The landscapes of the Zeeland and Zuid Holland islands and West Brabant consist of a succession of small polders in a lagoon. Here, due to the tidal action, new land was silted up to become salt marshes and mud flats. When those salt marshes had silted up high enough, the sea also deposited a fertile layer of sea clay. With new dykes around these accretions, land was reclaimed in the form of fertile marine clay polders, called ‘nieuwland polders’.
For centuries, various rivers and Brabant streams flowed into the estuaries of the sea. Often the sea swept away pieces of the polders and when dykes were breached, wheels and creeks formed in the polders. If the polder dykes could be restored, those creeks would be located in the “nieuwlandpolders”. Landing and reclamation started again outside the dykes. Over several centuries, the last estuaries were dyked.
From the end of 1944, priority projects were carried out to repair the landscapes of Zeeland and West Brabant damaged in WW II.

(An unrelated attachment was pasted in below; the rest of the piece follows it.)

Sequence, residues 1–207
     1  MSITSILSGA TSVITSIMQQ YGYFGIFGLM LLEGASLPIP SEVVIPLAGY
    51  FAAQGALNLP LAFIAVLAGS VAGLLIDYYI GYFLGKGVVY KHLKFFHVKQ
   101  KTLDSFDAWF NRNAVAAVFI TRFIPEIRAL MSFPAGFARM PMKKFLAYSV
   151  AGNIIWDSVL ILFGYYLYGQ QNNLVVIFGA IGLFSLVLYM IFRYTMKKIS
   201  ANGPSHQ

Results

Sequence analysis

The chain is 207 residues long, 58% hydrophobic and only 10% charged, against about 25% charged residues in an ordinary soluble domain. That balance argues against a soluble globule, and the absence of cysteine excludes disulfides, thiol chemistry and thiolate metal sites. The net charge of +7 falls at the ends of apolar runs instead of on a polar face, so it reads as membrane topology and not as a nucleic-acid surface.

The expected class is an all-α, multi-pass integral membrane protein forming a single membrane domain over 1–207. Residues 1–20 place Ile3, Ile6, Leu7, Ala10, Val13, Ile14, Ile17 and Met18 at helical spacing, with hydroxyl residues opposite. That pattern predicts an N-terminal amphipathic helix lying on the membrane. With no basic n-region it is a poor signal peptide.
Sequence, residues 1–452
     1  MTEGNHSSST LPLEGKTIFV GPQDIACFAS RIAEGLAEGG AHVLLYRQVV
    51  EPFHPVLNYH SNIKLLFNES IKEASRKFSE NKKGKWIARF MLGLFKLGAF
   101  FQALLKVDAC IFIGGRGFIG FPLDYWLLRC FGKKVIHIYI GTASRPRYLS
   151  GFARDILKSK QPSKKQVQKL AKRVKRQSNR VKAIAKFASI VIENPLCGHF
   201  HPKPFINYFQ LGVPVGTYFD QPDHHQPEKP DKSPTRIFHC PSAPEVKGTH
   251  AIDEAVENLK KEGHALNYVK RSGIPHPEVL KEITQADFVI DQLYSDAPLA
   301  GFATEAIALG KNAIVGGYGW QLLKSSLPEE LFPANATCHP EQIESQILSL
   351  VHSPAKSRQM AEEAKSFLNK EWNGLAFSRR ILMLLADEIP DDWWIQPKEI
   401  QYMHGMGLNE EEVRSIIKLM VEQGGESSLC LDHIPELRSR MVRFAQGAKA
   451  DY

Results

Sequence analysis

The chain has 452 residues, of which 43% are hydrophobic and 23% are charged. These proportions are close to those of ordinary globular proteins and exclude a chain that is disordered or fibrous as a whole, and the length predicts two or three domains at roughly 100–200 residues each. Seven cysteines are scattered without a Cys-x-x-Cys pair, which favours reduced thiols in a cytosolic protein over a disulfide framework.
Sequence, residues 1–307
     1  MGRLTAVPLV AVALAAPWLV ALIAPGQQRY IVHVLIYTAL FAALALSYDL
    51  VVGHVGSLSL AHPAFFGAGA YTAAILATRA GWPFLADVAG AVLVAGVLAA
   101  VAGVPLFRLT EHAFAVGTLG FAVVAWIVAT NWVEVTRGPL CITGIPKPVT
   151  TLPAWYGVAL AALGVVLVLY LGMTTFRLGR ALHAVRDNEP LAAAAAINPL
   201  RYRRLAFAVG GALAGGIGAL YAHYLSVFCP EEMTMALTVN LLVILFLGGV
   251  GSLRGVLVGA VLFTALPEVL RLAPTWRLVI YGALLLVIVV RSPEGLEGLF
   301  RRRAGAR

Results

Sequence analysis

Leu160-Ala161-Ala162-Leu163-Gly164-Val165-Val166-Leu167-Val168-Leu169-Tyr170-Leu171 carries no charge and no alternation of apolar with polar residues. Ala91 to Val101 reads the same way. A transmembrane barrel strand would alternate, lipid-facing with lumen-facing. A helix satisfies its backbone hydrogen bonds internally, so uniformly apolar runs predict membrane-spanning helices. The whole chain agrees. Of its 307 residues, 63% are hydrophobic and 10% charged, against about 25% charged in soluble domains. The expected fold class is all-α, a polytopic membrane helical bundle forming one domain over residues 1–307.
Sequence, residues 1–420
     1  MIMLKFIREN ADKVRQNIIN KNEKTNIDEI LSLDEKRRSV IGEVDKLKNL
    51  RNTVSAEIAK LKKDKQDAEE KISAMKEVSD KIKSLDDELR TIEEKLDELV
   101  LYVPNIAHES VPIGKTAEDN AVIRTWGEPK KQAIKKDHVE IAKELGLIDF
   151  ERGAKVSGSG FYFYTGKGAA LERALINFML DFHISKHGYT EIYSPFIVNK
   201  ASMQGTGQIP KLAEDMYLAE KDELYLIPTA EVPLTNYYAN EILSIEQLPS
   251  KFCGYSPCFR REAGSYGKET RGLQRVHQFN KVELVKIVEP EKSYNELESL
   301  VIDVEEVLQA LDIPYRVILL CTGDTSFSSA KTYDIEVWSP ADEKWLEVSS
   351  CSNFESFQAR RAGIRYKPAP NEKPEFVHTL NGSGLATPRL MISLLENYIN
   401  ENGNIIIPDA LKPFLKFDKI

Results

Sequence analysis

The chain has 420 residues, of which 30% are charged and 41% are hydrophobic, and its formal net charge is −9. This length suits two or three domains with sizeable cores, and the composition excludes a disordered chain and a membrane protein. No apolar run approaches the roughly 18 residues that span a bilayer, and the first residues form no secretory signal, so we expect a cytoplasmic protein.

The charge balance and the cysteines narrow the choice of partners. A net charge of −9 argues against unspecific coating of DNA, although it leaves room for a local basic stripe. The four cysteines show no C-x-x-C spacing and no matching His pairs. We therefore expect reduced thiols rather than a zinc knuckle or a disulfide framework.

A structure plan was drawn up for the landscape of the West Brabant clay area. The old erratic polder dykes were planted with trees. In contrast, the dead straight ‘checkerboard’ roads in the polders between the arable lands were left unplanted.
In the landscape plan Kleine Boompolder (1952), located in Zeeland, this design concept is also applied by Nico de Jonge.
Strikingly, Benthem does not mention the creeks when describing the structure plan of West Brabant. In one of the oldest landscape plans, that for Kromgat (1948), it is precisely those creeks that play the leading role. In the Kromgat design these creeks are bordered with new plantings.
At this moment, the plantings of the dikes are again under great pressure.